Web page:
The troubled retailer also said that sales on jcp.com jumped 37.6% in October from last year, "a continuation and acceleration of the positive trend in the company's online business."
Janney Capital Markets retail analysts Adrienne Tennant and Gabriella Carbone still expect there could be risk to fourth-quarter earnings.
"October comps across the Softline Sector were generally above expectations, with those retailers that offered differentiated product capturing market share," the analysts write in a note. "As we expected, comps sequentially improved over September due to a sequential improvement in mall traffic as weather turned to seasonally fall-like temperatures. We also point out two material calendar shifts that made October look optically better - one week later Columbus Day and the anniversary of Hurricane Sandy impact in week 4 of October. However, we point out that we believe the better comps for October may have come at the expense of margins given the highly promotional environment. We still see risk to 4Q13 EPS numbers across the space."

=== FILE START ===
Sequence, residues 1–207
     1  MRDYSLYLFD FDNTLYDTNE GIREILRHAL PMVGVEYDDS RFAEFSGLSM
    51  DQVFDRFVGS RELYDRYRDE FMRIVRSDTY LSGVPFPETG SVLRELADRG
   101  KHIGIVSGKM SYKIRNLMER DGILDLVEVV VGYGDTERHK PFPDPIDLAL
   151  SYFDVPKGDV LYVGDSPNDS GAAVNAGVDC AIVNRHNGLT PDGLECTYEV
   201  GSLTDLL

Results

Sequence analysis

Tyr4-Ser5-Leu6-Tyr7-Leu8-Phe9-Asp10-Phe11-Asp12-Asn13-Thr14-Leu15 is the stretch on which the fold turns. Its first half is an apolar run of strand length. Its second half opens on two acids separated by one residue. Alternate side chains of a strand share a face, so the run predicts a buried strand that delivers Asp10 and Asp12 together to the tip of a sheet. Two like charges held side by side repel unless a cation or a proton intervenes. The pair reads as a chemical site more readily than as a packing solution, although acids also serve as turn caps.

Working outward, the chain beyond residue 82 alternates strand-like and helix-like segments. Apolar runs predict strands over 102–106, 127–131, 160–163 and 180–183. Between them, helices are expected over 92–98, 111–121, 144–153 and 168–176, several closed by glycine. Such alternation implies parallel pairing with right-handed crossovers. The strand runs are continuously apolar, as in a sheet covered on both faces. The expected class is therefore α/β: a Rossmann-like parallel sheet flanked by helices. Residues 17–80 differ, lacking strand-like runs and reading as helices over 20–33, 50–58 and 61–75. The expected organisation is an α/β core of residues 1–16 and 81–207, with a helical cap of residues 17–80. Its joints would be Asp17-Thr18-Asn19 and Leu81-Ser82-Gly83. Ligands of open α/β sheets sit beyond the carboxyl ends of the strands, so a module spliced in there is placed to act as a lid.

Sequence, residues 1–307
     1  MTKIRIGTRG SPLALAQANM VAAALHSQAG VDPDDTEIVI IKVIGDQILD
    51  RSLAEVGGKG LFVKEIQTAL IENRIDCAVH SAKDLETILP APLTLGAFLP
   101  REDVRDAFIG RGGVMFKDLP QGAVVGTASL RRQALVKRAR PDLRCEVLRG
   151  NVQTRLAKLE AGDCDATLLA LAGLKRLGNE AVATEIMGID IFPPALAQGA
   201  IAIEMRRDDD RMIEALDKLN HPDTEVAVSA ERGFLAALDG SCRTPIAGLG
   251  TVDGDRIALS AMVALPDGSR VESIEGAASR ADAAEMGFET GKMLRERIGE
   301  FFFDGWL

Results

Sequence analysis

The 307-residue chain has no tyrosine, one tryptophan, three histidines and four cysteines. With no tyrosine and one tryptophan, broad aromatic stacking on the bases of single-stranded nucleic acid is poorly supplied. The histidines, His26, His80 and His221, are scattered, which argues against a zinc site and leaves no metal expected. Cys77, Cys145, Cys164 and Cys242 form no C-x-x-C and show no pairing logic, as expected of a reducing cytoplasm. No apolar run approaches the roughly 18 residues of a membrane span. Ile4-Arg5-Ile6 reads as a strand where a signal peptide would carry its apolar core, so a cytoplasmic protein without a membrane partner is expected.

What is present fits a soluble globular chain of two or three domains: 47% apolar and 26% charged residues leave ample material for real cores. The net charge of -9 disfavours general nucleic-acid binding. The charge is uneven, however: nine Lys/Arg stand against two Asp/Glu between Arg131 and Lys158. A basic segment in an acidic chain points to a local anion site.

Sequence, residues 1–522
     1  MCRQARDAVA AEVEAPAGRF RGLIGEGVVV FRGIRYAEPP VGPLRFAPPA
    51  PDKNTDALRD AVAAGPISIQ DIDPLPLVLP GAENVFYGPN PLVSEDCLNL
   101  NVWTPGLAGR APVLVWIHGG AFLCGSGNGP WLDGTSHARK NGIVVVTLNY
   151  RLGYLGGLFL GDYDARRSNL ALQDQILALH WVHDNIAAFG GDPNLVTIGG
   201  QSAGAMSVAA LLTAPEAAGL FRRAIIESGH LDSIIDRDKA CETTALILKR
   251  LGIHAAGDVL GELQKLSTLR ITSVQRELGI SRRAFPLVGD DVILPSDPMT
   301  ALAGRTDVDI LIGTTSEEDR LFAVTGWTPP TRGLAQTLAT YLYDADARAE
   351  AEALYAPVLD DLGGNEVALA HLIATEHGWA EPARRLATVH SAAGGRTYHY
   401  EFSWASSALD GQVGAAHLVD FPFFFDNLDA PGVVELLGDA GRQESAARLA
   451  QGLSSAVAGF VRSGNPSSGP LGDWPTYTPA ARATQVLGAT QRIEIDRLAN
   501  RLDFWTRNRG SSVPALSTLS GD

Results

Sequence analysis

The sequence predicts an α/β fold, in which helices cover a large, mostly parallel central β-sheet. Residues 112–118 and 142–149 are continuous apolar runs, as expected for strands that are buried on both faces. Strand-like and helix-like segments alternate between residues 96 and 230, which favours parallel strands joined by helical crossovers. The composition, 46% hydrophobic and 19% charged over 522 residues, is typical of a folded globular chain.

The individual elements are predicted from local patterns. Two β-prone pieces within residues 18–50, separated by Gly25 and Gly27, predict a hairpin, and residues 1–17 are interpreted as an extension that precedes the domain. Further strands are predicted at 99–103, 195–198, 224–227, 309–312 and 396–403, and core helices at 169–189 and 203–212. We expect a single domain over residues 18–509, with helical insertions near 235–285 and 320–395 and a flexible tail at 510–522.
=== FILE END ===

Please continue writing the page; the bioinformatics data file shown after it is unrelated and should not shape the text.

Zumiez (ZUMZ) was the lone retailer that missed monthly comp sales estimates. The retailer, which sells action sports-related apparel, footwear, equipment and accessories, said net sales for the four-week period ended November 2 increased 10.4% to $46.3 million, compared to the year-earlier period. However the company's comparable store sales growth of 1.2% missed Thomson Reuter's estimate of 1.7%.
Shares were falling 0.31% to $29.10.
The teen sector still seems to be troubled.